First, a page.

Wednesday, May 30, 2018

Why You're Here: Ethics for the Real World

Recently I won a copy of Why You're Here: Ethics for the Real World (John G. Stackhouse, Jr.) on Goodreads.  Martin found it really exciting and has written the following review of it.



Sunday, May 20, 2018

A lovely Saturday

Yesterday was a fun day :-)

Martin and I had our first go at bottling mussels.

2kg mussels ready to go

Wednesday, May 16, 2018

Buying fish for human rights: salmon

Last year I blogged about how Martin and I try to shop in ways that support human rights.  We do that by:
  1. Preferentially buying things produced in low income countries;
  2. Buying things produced under the best labour conditions available;
  3. Trying not to buy things produced by child or forced labour.
The reasons behind these principles are explained in more detail here.

At the time that was written I was uncertain which (if any!) fish or seafood we could buy that would accord with those principles.  We had become aware that slavery was rife in the fishing industry.  People were being forced to work without pay both on the boats and in processing factories, child labour was being used, and there were plenty of disturbing stories of rape and murder, too.  It was all pretty sobering.

A year later, I have good news!  There are companies taking this stuff seriously, and there are brands you can buy in confidence :-).  I have been in discussions with a number of companies over recent months and am keen to share what I've found with you.  I'm hoping this will be first of a series of blog posts covering different sectors of the fish and seafood industry, but I'm starting with one of my favourite things: salmon.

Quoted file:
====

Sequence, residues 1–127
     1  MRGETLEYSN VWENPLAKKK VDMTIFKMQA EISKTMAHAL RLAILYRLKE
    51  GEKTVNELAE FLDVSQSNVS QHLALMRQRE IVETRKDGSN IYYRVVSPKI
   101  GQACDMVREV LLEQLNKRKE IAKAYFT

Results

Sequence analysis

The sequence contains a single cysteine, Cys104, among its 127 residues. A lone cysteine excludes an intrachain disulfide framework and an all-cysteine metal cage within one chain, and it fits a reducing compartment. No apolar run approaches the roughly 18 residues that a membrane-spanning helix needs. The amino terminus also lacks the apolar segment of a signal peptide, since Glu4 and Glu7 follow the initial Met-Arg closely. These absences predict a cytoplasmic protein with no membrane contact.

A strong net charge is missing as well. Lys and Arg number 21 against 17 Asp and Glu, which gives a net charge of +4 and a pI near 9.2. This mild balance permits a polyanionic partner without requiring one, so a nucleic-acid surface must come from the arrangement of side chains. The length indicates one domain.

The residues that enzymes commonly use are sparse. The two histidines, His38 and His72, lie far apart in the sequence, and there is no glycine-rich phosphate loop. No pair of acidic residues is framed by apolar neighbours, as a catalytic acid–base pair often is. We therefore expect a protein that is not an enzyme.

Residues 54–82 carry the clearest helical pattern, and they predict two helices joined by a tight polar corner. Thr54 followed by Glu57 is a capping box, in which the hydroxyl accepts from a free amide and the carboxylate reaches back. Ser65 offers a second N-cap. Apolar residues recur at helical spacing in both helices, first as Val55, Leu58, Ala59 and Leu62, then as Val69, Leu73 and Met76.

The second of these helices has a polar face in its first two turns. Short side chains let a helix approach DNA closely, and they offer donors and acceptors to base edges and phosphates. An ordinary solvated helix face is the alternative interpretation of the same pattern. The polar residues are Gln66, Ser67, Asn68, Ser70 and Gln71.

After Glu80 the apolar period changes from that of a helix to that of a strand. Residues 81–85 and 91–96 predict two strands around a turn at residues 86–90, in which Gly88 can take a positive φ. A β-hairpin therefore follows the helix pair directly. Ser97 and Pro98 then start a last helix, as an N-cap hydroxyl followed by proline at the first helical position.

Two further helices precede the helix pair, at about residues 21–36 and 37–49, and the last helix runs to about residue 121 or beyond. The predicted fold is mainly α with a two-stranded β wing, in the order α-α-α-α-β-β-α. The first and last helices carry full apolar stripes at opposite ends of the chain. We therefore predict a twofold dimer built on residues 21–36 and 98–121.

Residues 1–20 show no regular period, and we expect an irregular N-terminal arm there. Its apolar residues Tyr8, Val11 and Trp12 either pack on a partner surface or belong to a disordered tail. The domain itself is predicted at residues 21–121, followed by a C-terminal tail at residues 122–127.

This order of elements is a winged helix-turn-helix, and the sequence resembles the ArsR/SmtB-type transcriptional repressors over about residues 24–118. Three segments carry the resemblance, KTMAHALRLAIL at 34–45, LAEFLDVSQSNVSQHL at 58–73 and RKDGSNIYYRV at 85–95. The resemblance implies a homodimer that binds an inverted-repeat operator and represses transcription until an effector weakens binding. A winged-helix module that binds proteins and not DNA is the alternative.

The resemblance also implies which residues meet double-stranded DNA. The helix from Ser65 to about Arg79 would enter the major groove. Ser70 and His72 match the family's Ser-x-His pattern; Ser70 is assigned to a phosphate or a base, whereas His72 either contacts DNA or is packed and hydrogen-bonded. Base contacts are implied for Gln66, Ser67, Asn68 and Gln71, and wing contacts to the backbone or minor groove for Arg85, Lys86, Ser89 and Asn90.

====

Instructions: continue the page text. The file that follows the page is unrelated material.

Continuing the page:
In summary, here's what I've found:
  1. To buy salmon that provides employment to people in low-income countries, you should (surprisingly) buy salmon farmed in New Zealand where possible (the salmon feed tends to include fish meal produced in such countries);
  2. To buy such salmon produced under the best labour conditions available, you  should choose products from New Zealand King Salmon (which produces the brands Regal, Southern Ocean and Ora King) as they only buy feed from suppliers that are certified child and slave labour free;
  3. To avoid supporting child or slave labour, you should restrict your purchases to the following brands:
https://drive.google.com/open?id=1wTJ4EQjLNGQsWPLnpfDLzXRtxh-9hlje
Click to download as a pdf to take with you as you shop :-)

Read-on to learn why I came to these conclusions.

Saturday, May 12, 2018

20kg of CO2e

I've been playing with some numbers and have come up with a list of things that all give about the same amount of carbon emissions (approximately 20kg CO2e):
  • 5 days of average Kiwi household power use (100kWh) - if hydropower
  • taking the bus from Auckland to Palmerston North (500km)
  • driving from Auckland to Huntly (100km)
  • 10kg of dry fertiliser (20% nitrogen fertiliser)
  • 80 standard loo rolls
  • a 3L steel saucepan (1kg of saucepan)
  • a pair of cotton undies
  • 3 square metres of wool carpet
  • 2 square metres of vinyl flooring
  • 1.5 square metre of window glass (single glazing)
  • 1/2 a square metre of driveway concrete (10cm deep)
  • a square foot of house (just the shell, typical Kiwi construction)
  • a square foot of solar panel (monocrystalline)
  • 44kg fruit or vegetables grown organically or in New Zealand
  • 33kg conventionally grown imported fruit or vegetables
  • 20L milk
  • 13kg lentils
  • 5kg chicken
  • 2kg cheese
  • 1kg of beef
Certainly brings out how different things have different impacts - and not always in the ways you'd think!